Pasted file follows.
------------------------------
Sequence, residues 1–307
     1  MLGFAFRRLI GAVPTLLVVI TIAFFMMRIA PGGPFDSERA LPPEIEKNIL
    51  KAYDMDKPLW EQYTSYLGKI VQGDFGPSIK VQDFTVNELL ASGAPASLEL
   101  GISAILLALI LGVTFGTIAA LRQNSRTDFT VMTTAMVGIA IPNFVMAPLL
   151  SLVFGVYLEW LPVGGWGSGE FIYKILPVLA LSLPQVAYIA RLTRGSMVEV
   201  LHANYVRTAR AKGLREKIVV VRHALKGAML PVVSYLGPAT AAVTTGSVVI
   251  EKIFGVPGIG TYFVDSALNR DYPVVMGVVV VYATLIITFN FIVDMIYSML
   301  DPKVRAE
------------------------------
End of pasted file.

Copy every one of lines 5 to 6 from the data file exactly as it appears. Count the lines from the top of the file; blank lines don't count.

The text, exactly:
   151  SLVFGVYLEW LPVGGWGSGE FIYKILPVLA LSLPQVAYIA RLTRGSMVEV
   201  LHANYVRTAR AKGLREKIVV VRHALKGAML PVVSYLGPAT AAVTTGSVVI